SILICON PHOTONICS: Cascaded microrings convert laser pulses for wireless communication
While many additional refinements are still necessary, local-area network device-to-device wireless communications may see a significant speed boost with the conversion of femtosecond laser pulses to radio-frequency pulses via silicon-photonics-based microring-resonator technology developed by Purdue University researchers.
While many additional refinements are still necessary, local-area network device-to-device wireless communications may see a significant speed boost with the conversion of femtosecond laser pulses to radio-frequency (RF) pulses via silicon-photonics-based microring-resonator technology developed by Purdue University (West Lafayette, IN) researchers.1
Recently, ultrabroad-bandwidth arbitrary burst RF waveforms—not easily generated by electronic means due to limits in digital-to-analog technology and high timing jitter—have been generated using ultrafast photonics through spectral shaping and frequency-time mapping of femtosecond laser pulses; however, a critical hurdle is the bulk-optic pulse shaper in these setups that precludes miniaturization and compatibility with electronic integrated circuit (IC) technology. And even though silicon planar lightwave circuit (PLC) and optical fiber Bragg grating (FBG) technology have been used to fabricate spectral pulse shapers, the researchers say that PLCs are much larger in size and not amenable to direct electronic integration, while FBGs lack the programmability needed for arbitrary waveform generation (AWG), which requires the full programmability of the frequency, intensity profile, and relative phases of individual peaks and valleys in an RF pulse.
The Purdue implementation consists of cascaded multiple-channel microring resonators fabricated on a silicon-on-insulator (SOI) platform with a footprint of only 100 × 1200 µm. A modelocked fiber-laser pulse (100 fs in duration) is first amplified and coupled into a silicon waveguide using lensed single-mode fiber tips. In the frequency domain, this ultrashort pulse spans a large bandwidth from 1525 to 1610 nm. The on-chip spectral shaper consists of eight cascaded microring resonators that selectively transfer the optical power at each of their resonant wavelengths from the through-port waveguide to the drop-port waveguide, with each microring creating a peak in the common drop-port spectrum (see figure).
Femtosecond ultrashort laser pulses are converted to radio frequencies using cascaded microring resonators of slightly different dimensions on a silicon-on-insulator substrate (a). Mach-Zehnder arms complete the through port/drop port configuration, and heaters mounted over the rings provide additional wavelength tuning capability besides the natural resonant frequency of each microring (b). Scale bar is 20 µm. (Courtesy of Purdue University)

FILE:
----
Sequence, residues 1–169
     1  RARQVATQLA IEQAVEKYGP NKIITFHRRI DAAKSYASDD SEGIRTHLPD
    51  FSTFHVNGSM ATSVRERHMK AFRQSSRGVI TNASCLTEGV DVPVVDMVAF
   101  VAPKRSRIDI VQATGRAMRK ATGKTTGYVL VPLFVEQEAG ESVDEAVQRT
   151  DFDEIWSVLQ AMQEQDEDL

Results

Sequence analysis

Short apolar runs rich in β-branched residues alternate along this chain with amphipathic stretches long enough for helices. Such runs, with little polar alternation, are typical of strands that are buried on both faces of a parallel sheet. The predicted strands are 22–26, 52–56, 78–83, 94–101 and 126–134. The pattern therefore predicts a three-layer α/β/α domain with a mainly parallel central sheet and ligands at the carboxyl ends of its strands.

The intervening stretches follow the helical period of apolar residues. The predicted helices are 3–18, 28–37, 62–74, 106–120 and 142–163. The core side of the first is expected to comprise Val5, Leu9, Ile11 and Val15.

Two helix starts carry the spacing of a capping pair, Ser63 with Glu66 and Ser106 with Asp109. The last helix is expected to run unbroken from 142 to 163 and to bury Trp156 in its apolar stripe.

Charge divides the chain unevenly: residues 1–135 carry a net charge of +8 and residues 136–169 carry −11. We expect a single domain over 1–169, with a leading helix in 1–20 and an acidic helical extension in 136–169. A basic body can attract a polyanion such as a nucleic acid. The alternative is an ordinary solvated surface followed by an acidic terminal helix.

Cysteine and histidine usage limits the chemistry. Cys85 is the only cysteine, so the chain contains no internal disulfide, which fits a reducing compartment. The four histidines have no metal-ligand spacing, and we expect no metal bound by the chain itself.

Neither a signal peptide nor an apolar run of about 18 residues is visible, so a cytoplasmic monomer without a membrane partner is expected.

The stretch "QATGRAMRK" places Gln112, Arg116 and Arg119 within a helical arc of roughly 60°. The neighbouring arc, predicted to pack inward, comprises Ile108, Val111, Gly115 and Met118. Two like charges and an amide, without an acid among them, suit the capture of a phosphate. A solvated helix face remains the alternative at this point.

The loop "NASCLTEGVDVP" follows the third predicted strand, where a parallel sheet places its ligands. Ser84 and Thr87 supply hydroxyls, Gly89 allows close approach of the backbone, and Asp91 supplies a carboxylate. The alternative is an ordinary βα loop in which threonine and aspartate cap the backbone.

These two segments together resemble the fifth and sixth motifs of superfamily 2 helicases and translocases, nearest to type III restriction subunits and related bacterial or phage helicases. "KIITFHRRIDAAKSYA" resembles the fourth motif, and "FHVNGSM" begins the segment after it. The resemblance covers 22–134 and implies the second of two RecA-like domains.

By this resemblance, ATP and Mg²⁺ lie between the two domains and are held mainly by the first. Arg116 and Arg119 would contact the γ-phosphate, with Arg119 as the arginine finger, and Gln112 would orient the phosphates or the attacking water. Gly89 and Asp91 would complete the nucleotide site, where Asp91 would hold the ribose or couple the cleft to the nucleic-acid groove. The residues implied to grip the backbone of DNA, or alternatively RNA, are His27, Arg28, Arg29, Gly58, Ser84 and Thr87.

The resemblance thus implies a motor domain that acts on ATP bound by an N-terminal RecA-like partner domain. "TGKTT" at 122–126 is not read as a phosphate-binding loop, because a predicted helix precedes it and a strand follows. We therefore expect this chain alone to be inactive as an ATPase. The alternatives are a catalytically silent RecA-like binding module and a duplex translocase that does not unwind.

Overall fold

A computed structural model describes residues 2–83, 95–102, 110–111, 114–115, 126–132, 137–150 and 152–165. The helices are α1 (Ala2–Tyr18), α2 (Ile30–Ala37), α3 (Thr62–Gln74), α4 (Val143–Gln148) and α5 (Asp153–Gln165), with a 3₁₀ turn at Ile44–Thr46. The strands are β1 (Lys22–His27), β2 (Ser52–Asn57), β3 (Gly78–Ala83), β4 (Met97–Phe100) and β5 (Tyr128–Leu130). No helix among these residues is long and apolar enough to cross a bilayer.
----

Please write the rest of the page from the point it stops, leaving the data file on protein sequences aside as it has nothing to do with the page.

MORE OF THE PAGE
Each ring has a slightly different diameter to create a slightly different resonant wavelength; a micro-heater above each ring also provides additional wavelength tuning. The output from the on-chip spectral shaper then passes through a spool of single-mode optical fiber whose chromatic dispersion broadens the ultrashort pulse envelope, creating a time-domain profile that is a scaled version of the frequency spectrum—a process called frequency-time mapping. Finally, this optical spectrum is converted to an RF signal using a high-speed photodiode. The length of the fiber ranges from approximately 1 to 6 km and currently limits the overall size of the device, admitted Minghao Qi, an assistant professor of electrical and computer engineering at Purdue University, who co-supervised this research. However, Qi says the Purdue team has devised a scheme to integrate the functionality of the fiber spool onto the chip.
Initial experiments produced RF signals at 10 Hz but with little programmability of spectral attenuation for each of the channels due to lack of control in the coupling efficiency of the straight waveguide into the ring. In a second-generation design, Mach-Zehnder input couplers were formed at the through port of each microring, allowing full tuning from an "on" to an "off" state by thermal adjustments of the interferometer arms, and deeper spectral attenuations for improved waveform control.
Being able to completely control wavelength and amplitude of the cascaded microring spectrum allows for the generation of numerous RF waveforms ranging in frequency from 10 to 60 GHz–high-frequency waveforms that challenge even the best time-domain sampling oscilloscopes. Such waveforms promise multigigahertz bandwidths for wireless communication networks, as well as improved chirped radar and cellular radio applications. Researcher Hao Shen, a PhD candidate at Purdue University, says, "The 60 GHz frequency band is open worldwide and our technology offers a working scheme for high-speed local wireless transmission right now." Researcher Maroof Khan, who received a PhD in 2009 and currently works at Intel Corp., adds, "The full compatibility with CMOS technology makes our scheme commercially feasible." Qi and professor Andrew Weiner, Scifres Family Distinguished professor of Electrical and Computer Engineering at Purdue, expect commercialization for 60 GHz wireless communications to occur in the next five years.
- Maroof H. Khan et al., Nature Photonics 4, p. 117 (February 2010).